As far as Rastafarianism is concerned, one of the titles of Haile Selassie, the 20th century emperor of Ethiopia, was Ras Tafari, the head of the Tafari. Ras is the same as the Hebrew word Rosh meaning head. Black nationalists in Jamaica especially hailed him because this is the one area of Africa that had not been colonized until the Italians invaded in the 1930s.

Haile Selassie fled for much of the time of the Italian occupation. He was in England, and then he returned to Ethiopia with the British who liberated the country from the Italians. He was hailed as a black Christ or even as God come to earth. Although he himself rejected those claims when he came on a visit to Jamaica. Nonetheless, Rastafarians have exalted him. They've become a major religious movement, not only in the Caribbean but also in the United Kingdom and elsewhere.

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How is the Cushite pharaoh of Egypt, Tirhakah, related to the kingdom of Judah before its fall?

The only place he's mentioned is in II Kings 19:9 and a parallel passage in Isaiah 37:9. You would not know from the Scripture the significance of Tirhakah, but he was the most important pharaoh of the 25th dynasty. We have numerous statues of him with inscriptions both from Egypt and from Assyria that describe his role. He attempted to distract the Assyrian King who invaded Judah in 701, but he was defeated. The interesting thing about Judah—and we get this from Jeremiah and other biblical prophets in Isaiah—is that Judah always looked to Egypt for aid whenever they were attacked by the Assyrians and the Babylonians. But Egypt, in the prophet's words, proved to be a broken reed. It was not a dependable or powerful enough ally to rescue him.

Who was the Ethiopian eunuch, and why was he not from Ethiopia?

He was from Meroe, which is about the sixth cataract [on the Nile] in the Sudan. The New Testament quite clearly indicates that he was an official of Candace. Candace is the title of the queen mother of the kingdom of Meroe, which flourished for about a thousand years [650 B.C. to A.D. 350].

The Eunuch appears in chapter 8 of the Book of Acts. He's gone to Jerusalem, and Philip, one of the deacons, is told by the Holy Spirit to attach himself to his chariot as he goes down by Gaza. He's reading Isaiah 53 in the Septuagint. It was quite an ordeal to travel from Meroe north to Egypt but nonetheless, we have inscriptions that show that there were ambassadors between Alexandria and Meroe. I conjecture that one of the unstated reasons for this official of this queen to visit Jerusalem was that about this time, there may have been the installation of Herod Agrippa the First as the independent king of Judea. He is mentioned briefly in Acts 12 as someone who persecuted the church and killed James.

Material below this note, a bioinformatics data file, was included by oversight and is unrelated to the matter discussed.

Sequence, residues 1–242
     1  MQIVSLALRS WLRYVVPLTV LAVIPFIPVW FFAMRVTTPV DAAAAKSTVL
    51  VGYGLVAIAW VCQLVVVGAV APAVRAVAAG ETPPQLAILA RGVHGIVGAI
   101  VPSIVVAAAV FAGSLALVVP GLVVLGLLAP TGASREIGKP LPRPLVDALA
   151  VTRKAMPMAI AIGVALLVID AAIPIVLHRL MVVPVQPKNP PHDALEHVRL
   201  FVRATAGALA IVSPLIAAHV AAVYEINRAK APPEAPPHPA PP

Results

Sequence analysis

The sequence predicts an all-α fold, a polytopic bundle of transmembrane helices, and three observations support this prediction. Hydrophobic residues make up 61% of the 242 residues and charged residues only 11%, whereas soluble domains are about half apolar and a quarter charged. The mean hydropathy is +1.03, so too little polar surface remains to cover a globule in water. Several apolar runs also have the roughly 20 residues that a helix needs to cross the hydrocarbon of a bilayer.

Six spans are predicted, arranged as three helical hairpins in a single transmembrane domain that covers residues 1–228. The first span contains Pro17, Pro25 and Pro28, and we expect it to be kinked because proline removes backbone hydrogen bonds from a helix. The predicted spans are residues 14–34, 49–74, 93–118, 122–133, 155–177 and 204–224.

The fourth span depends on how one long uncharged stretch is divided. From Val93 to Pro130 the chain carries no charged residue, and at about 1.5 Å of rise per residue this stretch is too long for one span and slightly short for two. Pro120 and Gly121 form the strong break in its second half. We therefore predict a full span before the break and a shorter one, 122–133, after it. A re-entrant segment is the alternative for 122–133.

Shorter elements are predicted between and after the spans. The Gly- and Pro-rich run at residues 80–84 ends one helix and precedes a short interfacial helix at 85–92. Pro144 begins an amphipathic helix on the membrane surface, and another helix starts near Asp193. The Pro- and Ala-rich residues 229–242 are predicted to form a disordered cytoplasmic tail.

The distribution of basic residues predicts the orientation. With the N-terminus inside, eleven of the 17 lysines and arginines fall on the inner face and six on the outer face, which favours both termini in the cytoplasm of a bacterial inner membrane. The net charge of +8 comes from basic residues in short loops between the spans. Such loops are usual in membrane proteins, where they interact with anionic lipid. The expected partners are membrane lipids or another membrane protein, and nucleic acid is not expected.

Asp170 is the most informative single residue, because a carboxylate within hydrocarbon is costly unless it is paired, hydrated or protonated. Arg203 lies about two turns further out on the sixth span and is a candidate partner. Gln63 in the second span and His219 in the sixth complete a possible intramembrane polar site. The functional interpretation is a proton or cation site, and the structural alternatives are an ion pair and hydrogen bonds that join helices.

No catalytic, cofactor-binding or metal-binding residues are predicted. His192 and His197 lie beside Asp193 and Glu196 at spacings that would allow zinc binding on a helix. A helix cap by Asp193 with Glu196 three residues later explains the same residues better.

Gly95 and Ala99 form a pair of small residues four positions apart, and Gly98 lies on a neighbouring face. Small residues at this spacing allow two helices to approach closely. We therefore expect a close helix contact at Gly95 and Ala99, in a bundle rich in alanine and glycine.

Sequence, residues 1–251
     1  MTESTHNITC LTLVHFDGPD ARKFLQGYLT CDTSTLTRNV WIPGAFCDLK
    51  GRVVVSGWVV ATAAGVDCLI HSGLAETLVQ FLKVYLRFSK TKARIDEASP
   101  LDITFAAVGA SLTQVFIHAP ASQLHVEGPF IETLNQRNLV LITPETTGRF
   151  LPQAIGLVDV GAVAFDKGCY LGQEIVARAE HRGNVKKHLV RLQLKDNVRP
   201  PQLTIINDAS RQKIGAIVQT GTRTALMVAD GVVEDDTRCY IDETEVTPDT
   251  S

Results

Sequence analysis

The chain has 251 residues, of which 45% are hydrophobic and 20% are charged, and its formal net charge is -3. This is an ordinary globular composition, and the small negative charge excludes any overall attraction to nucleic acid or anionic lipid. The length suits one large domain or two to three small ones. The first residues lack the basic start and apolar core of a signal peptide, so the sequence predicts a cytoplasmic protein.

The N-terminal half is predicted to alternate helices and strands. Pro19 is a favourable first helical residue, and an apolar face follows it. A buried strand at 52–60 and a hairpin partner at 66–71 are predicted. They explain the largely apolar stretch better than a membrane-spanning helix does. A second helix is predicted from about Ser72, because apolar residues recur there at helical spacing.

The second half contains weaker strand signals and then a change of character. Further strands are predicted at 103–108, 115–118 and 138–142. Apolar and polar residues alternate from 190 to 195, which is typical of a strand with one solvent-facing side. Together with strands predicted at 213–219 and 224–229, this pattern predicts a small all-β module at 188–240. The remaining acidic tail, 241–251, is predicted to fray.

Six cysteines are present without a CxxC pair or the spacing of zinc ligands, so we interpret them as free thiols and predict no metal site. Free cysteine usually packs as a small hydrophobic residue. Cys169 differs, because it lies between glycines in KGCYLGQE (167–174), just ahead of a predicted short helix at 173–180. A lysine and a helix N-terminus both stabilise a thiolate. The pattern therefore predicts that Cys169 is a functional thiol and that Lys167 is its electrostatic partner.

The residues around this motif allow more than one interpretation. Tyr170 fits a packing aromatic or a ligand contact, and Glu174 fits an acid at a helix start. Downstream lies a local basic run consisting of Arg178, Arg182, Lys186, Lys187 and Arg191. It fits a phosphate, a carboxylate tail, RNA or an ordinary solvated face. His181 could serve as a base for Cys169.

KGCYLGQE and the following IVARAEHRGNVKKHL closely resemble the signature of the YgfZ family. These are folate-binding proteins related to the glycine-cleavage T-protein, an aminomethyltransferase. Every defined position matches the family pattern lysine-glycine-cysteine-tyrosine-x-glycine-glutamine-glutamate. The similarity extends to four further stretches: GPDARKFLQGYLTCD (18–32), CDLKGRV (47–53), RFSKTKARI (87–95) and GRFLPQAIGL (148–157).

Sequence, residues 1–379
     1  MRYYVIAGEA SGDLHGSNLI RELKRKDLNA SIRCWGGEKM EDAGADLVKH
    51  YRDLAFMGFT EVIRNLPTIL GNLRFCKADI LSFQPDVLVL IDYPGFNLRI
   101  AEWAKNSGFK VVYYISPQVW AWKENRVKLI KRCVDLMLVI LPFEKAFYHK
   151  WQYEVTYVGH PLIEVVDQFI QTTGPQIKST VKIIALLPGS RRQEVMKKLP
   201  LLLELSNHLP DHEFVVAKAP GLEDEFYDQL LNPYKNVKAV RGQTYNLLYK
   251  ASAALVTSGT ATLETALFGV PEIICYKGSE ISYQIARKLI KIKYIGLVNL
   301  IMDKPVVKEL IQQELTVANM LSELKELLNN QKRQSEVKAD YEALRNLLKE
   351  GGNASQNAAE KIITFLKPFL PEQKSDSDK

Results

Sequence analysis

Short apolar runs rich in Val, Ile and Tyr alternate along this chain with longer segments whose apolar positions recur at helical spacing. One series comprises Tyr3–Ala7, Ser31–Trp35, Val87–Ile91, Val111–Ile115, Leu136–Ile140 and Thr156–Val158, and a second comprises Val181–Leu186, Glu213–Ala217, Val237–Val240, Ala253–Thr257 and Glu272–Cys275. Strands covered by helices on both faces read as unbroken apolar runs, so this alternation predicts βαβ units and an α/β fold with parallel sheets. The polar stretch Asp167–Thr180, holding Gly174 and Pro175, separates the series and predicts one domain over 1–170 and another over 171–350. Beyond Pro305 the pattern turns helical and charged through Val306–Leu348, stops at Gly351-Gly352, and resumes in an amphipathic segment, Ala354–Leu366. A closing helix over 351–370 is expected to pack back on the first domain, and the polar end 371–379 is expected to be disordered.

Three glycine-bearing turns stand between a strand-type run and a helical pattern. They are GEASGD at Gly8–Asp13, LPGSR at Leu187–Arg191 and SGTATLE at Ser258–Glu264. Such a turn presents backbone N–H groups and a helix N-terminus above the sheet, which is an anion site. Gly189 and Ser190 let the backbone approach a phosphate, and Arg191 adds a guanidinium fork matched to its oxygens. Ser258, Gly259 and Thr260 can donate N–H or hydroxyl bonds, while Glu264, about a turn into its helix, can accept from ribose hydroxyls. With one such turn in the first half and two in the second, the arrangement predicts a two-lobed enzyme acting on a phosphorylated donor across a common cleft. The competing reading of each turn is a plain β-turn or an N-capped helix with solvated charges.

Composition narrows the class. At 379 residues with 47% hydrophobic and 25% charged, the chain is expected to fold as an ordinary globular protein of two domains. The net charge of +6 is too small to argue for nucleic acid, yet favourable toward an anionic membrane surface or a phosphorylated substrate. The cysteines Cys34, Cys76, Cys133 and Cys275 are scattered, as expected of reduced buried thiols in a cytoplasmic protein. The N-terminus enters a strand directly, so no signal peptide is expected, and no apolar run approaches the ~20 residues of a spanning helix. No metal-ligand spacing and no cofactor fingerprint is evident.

Is there a continuity of practicing Christianity from early encounters like the Ethiopian eunuch's?

Unfortunately there is no archeological evidence to support patristic references that the Ethiopian eunuch went back to his homeland and started a church there. The evidence for Christianity in the Sudan comes much later, probably through the Coptic Church from about the fourth century and then there's a dramatic conversion in the Byzantine period under Justinian and Theodora where there are three separate kingdoms that are converted, but to two different kinds of Christianity. The difference is that the council of Chalcedon, determined Christology for the western churches, but not for the Monophysite church of Egypt and Ethiopia. The emperor, Justinian, favored what was called in Calcedonia the Melkite version of Christianity, whereas his very forceful empress Theodora favored the Monophysite version of Christianity. She even hid Monophysite monks at the palace at Constantinople. And they sent rival missionaries out to these three kingdoms.

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Who was Simon of Cyrene?

Cyrene was a Greek colony [in North Africa]. Of course there were natives in the hinterland, but these would not be blacks, they would be Berbers. That is they spoke the Berber language, similar to the Berbers who are found today in North Africa. There was eventually a strong Jewish community in Cyrene and these are mentioned in the book of Acts and in the Gospels. Most notably Simon of Cyrene was impressed to carry the cross or the horizontal bar of the cross for Jesus.

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More articles about the continent are available on Christianity Today's Africa page.